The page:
UK government cranks up pressure on pension funds to tackle deforestation

Ministers from DWP and DEFRA will engage with schemes “to help them understand” deforestation issues and manage risk.

The UK government has announced it will engage with the country’s pension funds over their management of deforestation risk, committing to put deforestation “front and centre” of the response to climate change as part of its COP26 presidency. 

Writing in RI today, pensions minister Guy Opperman and minister for international environment Zac Goldsmith say they plan to write to UK pension funds “to help them understand deforestation issues, and how to manage this risk as effectively as possible”. 

UK campaign group Make My Money Matter recently partnered with German environmental consultancy SYSTEMIQ and forestry specialists Global Canopy to produce a report estimating that UK pension funds have £300 billion collectively invested in companies likely to contribute to deforestation.   

At COP26 last November, 141 countries representing close to 90 percent of the world’s forests committed to ending deforestation by 2030, with an $8.7 trillion alliance of financial institutions – including the Church Commissioners and Pension Board, LGPS Central, Aviva and Legal & General Investment Management – committing to end commodity-driven deforestation in their investment and lending portfolios by 2025. 

Opperman has pushed a number of ESG issues during his time as pensions minister. Large schemes are now required to report in line with the recommendations of the Taskforce on Climate-related Financial Disclosures, and he has engaged with funds on how they integrate social factors into their investment and stewardship practices, and written to asset managers asking them about their plans to introduce split voting.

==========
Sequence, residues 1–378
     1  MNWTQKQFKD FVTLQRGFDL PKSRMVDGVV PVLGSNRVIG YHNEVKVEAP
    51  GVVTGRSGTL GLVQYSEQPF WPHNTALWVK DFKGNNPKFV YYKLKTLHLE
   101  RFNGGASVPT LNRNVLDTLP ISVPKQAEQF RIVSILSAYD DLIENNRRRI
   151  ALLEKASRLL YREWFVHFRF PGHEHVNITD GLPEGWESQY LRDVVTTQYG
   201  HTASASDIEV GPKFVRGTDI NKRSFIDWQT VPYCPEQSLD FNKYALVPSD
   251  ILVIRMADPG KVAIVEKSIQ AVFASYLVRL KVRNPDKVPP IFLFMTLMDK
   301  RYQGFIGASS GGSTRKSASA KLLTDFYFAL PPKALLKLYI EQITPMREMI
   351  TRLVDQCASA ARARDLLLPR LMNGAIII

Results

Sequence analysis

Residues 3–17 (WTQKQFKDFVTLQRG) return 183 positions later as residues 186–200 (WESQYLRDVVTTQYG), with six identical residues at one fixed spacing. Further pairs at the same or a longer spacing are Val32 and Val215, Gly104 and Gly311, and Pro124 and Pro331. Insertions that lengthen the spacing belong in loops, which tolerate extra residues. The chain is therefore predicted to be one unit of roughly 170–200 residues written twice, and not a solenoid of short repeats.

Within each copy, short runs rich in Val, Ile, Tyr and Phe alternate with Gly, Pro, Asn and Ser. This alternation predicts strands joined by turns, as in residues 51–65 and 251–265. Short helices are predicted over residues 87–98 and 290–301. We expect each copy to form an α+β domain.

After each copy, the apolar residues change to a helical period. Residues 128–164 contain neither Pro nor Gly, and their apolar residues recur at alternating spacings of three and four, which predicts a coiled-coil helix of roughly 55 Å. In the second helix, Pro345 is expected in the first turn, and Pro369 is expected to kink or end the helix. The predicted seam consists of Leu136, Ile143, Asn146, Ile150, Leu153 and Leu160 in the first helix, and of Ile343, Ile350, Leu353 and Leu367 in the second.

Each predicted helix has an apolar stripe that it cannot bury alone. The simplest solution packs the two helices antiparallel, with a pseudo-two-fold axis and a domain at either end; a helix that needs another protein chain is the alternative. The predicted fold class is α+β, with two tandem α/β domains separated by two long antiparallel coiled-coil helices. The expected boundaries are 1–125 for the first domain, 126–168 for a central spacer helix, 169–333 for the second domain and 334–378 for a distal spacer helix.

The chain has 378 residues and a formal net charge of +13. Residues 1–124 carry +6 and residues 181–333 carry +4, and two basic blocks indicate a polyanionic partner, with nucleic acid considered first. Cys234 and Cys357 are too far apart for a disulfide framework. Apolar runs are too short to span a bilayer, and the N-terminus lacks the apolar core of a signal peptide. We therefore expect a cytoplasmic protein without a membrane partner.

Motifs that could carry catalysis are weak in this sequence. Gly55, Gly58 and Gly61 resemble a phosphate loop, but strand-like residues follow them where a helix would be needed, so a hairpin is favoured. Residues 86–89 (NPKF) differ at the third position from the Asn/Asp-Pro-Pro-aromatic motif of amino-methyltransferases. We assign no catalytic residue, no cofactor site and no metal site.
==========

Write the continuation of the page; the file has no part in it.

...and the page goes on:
However, pension funds have previously raised concerns about the ESG reporting burden and high expectations from the government. In December last year, Lothian Pension Fund’s head of responsible investment, David Hickey, said that the fund was “finding a lot of our time that would be spent on doing the actual activities of responsible investment being taken over by an awful lot of new reporting”, adding that it “set many of the leaders in the space back a little this year”, while the CEO of the BT Pension Scheme – the UK’s largest corporate pension scheme – said that reporting requirements were “becoming an industry of themselves”, and that the scheme’s stewardship reporting was “not helpful at all” for its members.